I have got flower gardens here at the house. A couple big ones in the back yard and one in the front. They are overgrown and sad looking. The problem is that they were just too much to keep up with while working a full time job which stretched into some pretty long hours, plus having the inside house things to do, plus working on renovations. I'd get a good start on things, but invariably there was something that came up and in very short order, the work I did was swallowed up by weeds again.
Since the finished renovation, I've made up my mind to start working at them again. A bit at a time. Slow and steady.
This also involves buying plants.
We have a series of houses and what I have always done is go to Lowes and look at their poor half dead plants. I buy them for a fraction of the price, and bring them home. I plant them with the thought that they will either grow or they won't. A surprising number of them do grow.
Sunday, I brought home four sad plants. Today, I got them planted, two yellow columbine and salvia. along with splitting some hostas and ferns that had become monstrous. A hydrangea bush has grown up in an awkward place, and needed dug out and replanted. I've got some lilacs to go at the back of the lot by the fence that seperates our lot from the neighbor behind us. Weeding. There's always weeding.
I work by myself and it is a pleasant way to spend an evening. A small gray feral cat comes to sit and watch. He's new. He won't come near. He's every bit as wary as Mr. M was in the beginning. I have not seen my old friend for over a week now, but I have the good catfood waiting, just in case.
I get up and brush my pants off, speaking to the new cat. "Are you hungry?" I ask, as I head to the house. "Come on, then." He follows me, padding to the edge of the driveway, silently watching me as I go inside to return with a cup of cat food to fill his dish. He waits until I go inside to approach my offering.
The kids across the street? The neighborhood refers to them as 'the ferals'. Something has happened there. They don't seem to be around during the day. Perhaps one of the adults realized that an 11 year old boy cannot handle two preschoolers without help. I can only hope that they are in the care of someone who loves them. Maybe a grandma.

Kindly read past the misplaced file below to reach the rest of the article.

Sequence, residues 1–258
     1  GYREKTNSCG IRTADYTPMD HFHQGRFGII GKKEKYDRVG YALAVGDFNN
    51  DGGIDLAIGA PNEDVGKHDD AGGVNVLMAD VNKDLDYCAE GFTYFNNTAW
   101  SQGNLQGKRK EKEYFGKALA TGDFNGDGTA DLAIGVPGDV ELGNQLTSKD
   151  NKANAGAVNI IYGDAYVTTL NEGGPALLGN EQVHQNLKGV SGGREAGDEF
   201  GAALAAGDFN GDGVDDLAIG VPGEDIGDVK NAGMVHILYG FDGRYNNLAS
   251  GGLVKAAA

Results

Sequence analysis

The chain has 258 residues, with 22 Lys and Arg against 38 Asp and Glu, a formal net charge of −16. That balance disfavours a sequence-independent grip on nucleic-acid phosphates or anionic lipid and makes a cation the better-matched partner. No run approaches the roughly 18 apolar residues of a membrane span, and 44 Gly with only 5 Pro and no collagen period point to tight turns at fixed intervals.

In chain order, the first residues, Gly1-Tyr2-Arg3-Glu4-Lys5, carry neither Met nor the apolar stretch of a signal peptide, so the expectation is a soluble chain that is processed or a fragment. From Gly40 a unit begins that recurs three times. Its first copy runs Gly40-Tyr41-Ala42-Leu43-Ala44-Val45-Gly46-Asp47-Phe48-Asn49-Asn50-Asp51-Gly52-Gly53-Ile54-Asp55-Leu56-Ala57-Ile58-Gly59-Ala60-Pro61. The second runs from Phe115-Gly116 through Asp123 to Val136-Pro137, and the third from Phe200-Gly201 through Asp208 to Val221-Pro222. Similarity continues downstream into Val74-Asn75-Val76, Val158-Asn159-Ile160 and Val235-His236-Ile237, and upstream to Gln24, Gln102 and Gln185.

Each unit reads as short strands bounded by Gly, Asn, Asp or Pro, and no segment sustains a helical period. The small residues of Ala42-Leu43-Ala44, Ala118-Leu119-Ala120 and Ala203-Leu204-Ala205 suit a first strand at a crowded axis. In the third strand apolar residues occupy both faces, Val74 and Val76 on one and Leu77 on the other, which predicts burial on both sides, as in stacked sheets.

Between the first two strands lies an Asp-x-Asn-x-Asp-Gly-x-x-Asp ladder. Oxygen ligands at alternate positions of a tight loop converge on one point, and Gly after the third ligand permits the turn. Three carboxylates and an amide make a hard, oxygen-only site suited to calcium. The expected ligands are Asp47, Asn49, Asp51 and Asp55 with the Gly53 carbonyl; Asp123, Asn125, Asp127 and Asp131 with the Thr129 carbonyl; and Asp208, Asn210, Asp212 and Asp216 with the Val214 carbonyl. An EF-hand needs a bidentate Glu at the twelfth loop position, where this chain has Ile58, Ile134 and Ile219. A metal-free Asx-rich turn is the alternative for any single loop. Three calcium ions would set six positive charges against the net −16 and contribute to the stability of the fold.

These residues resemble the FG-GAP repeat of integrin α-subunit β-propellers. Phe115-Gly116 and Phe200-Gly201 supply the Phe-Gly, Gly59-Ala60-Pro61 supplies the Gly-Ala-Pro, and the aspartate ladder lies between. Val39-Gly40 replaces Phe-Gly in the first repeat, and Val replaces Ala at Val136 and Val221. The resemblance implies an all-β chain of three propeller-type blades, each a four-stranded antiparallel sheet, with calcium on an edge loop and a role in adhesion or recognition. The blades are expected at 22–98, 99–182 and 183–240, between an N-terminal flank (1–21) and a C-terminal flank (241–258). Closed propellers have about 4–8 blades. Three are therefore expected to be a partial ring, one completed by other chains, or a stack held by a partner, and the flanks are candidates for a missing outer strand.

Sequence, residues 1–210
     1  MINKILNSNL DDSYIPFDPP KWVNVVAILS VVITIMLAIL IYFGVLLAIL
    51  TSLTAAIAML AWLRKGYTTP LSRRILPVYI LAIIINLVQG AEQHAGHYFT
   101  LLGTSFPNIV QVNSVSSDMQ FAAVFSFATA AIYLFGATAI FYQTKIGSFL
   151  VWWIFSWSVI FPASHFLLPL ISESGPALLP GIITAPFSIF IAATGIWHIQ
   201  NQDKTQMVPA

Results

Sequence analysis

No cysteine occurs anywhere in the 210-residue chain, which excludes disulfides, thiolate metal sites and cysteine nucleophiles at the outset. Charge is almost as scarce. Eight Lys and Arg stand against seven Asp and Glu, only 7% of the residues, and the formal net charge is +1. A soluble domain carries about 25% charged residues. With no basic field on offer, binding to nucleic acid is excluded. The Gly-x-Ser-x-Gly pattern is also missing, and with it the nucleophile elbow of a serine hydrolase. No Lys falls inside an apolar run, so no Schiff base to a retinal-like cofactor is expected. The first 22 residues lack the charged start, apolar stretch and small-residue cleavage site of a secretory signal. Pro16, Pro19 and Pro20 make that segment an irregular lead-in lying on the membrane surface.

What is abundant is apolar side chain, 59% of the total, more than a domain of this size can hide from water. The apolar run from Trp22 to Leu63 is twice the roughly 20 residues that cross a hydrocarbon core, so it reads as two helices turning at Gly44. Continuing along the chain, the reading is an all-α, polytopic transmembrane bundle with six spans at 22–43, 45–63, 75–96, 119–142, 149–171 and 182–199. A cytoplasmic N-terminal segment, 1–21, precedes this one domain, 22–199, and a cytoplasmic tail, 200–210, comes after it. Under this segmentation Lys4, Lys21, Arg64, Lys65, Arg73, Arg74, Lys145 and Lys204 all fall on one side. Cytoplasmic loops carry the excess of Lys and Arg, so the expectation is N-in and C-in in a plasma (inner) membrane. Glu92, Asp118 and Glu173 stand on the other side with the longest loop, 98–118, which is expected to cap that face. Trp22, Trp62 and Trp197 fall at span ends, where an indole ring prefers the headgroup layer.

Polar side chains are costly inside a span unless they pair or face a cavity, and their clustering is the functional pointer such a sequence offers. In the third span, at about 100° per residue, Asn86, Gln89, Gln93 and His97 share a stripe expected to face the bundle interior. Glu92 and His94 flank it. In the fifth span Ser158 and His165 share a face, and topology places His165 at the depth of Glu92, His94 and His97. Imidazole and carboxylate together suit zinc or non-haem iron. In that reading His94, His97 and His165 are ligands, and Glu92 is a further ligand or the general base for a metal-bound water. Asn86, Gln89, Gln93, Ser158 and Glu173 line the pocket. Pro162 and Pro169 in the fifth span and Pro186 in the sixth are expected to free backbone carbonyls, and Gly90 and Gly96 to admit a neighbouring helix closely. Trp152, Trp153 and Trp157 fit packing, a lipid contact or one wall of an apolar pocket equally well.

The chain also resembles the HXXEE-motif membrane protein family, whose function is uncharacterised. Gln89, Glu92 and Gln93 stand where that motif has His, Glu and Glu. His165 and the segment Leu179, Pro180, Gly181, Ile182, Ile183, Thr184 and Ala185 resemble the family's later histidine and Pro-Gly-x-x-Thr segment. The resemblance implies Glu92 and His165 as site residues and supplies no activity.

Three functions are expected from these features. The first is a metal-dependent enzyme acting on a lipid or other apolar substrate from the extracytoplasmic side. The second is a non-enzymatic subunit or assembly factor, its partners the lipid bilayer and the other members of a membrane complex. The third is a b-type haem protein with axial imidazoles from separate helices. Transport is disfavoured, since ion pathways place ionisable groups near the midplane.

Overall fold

William is at his own house for a couple of days this week. It is just Tim and I, and that feels comfortable too, not that either of us mind having William around. He's an easy child most of the time, and he's really begun to show quite a streak of independence. Tim bought him a bike for here and he is in his glory. He rode over to the library to redeem his 14 tickets for reading. A squid hat, sunglasses, a water bottle.
I like it when life's like this, quiet, flowing on an even keel.
Tomorrow, after our walk, after my shower, I will go to Lowes to buy another half dozen plants. It usually winds up costing me no more than $20. I like looking through the poor sad plants, reading the tag to find out which ones love the shade. We've got two massive maple trees in the back yard filtering the sunlight, creating flickering pale green light to punctuate the shade,. That's nice. It prevents it from being a gloomy space.
I'll study those plants carefully, taking my time to read about them. I know what I am looking for: the ones that show new growth beneath the dead stuff. resiliant plants, the ones that do best away from the bright light.
Some things just need to be in the right place and left to return to life.